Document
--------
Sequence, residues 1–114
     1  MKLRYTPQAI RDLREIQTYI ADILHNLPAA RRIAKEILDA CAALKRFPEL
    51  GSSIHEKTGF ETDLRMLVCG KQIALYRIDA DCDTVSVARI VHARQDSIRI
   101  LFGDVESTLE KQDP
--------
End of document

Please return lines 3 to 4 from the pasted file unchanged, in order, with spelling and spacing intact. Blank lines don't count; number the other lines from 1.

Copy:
    51  GSSIHEKTGF ETDLRMLVCG KQIALYRIDA DCDTVSVARI VHARQDSIRI
   101  LFGDVESTLE KQDP